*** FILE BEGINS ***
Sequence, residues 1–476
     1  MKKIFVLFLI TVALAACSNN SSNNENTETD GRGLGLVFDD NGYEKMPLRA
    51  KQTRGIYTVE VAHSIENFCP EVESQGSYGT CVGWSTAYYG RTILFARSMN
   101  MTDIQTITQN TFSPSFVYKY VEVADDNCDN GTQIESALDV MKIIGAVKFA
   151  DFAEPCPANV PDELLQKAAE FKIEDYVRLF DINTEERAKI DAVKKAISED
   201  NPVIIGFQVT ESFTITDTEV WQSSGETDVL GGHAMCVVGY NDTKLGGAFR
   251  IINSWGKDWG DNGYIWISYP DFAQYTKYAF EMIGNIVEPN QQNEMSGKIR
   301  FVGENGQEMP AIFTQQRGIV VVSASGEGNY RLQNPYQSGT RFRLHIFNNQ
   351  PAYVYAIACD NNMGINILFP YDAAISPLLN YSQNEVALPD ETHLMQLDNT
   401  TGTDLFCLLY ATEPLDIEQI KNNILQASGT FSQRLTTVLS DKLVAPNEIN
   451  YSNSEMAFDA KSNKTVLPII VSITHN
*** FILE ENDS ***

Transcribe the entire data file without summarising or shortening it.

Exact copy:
Sequence, residues 1–476
     1  MKKIFVLFLI TVALAACSNN SSNNENTETD GRGLGLVFDD NGYEKMPLRA
    51  KQTRGIYTVE VAHSIENFCP EVESQGSYGT CVGWSTAYYG RTILFARSMN
   101  MTDIQTITQN TFSPSFVYKY VEVADDNCDN GTQIESALDV MKIIGAVKFA
   151  DFAEPCPANV PDELLQKAAE FKIEDYVRLF DINTEERAKI DAVKKAISED
   201  NPVIIGFQVT ESFTITDTEV WQSSGETDVL GGHAMCVVGY NDTKLGGAFR
   251  IINSWGKDWG DNGYIWISYP DFAQYTKYAF EMIGNIVEPN QQNEMSGKIR
   301  FVGENGQEMP AIFTQQRGIV VVSASGEGNY RLQNPYQSGT RFRLHIFNNQ
   351  PAYVYAIACD NNMGINILFP YDAAISPLLN YSQNEVALPD ETHLMQLDNT
   401  TGTDLFCLLY ATEPLDIEQI KNNILQASGT FSQRLTTVLS DKLVAPNEIN
   451  YSNSEMAFDA KSNKTVLPII VSITHN